The Knight Is Young

It’s really odd how much I worried about *deep breath* Batman: Arkham Origins Blackgate (henceforth known as Blackgate). Since its announcement, I’ve been a regular worry wart, fretting over just how good it would be.

It’s not as if I have any stakes in the product, I just enjoy good games. And if that good game is also a Batman game, then I’ve hit the lottery.

But why I worried so much is the talent behind it. Armature Studio, formed by ex-Retro Studios talent, has been rung through the ringer, noting themselves to be the victim of the video game industry’s constant ‘shifts’. Blackgate marks the studio’s first self-created project, and as such, I wanted them to he able to shine. Thing is, it’s no always a treat to work on a licensed property. Previous Arkham games were incredible, but would Warner Bros. give Armature the freedom they needed?

While I can’t say there weren’t any hardships, I can certify that Blackgate is awesome. How’s that for a criticism?


Armature’s history with the Metroid series is apparent when it comes to Blackgate Prison’s structure. Upon arrival, Batman seems as locked out as the convicts it houses. In true Metroid form, Batman begins the night missing his usual repertoire of ingenious gadgets. By exploring his surroundings, Batman can build an interesting arsenal, which in turn leads to further exploration.

It’s a formula many attempt. A glance at Kickstarter can reveal several titles claiming to be ‘Metroid-inspired’ (most often followed by ‘and influenced by Dark Souls). It’s a type of game many of us clamor for, and I’ve certainly been duped by such comparisons. While I don’t believe these games intend to mislead us, I do feel that making a game in the genre is harder than one thinks. Having a world that opens up as you play isn’t enough. Developers need me to want to explore their world, feel a need to seek out its secrets.

Blackgate succeeds here, combining an interesting world, fun power-ups, and useful secrets into one solid experience.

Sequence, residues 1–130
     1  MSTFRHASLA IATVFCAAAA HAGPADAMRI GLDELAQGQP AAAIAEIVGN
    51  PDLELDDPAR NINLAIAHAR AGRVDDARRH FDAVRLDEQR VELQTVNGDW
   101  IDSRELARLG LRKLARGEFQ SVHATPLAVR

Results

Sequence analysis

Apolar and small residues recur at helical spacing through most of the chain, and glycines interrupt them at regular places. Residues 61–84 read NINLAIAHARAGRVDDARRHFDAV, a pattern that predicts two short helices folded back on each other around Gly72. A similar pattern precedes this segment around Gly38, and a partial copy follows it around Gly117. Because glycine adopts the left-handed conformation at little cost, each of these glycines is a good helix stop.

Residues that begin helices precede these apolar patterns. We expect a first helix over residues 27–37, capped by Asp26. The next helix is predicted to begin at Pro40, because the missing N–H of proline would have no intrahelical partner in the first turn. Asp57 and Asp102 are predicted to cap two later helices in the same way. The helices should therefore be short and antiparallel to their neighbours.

Armature draws you into Batman’s world with a ‘second step’ of the Arkham series’ Detective Vision. The first step is the ‘x-ray’ vision we’ve come to know, showing important elements of the environment and enemies. This new element allows players to seek out hidden objects; destructible walls, collectible ‘clues’, and access points to new areas.  By hovering over the knick-knack, it is ‘analyzed’ and it becomes interactive. This pulls the player in, and plays well with Batman’s identity as the world’s greatest detective. He’s observing the area, able to identify the specifics of nearly everything with just a single glance.

Blackgate Prison is divided into four distinct areas, three of which have been taken and divided between the Penguin, Joker, and Black Mask. At the game’s outset, players can decide which area to tackle first, and in turn, which enemy to take down. You can jump between these four areas with ease, but there will be times where the player can hit a dead end, meaning it’s time to look elsewhere. While the narrative is kept to a minimum, the joy of exploration was my motivation. Despite being an Arkham game, Blackgate stands out as one of the more linear entries. It’s something I haven’t seen since Rocksteady’s first Batman game, Arkham Asylum, and I love the fact that Armature brought it back. Despite pulling itself away from the open world set-ups of Arkham City and Origins, I find myself more interested in seeing every nook and cranny. It’s focused on presenting unique, memorable environments, something a wide open environment struggles with.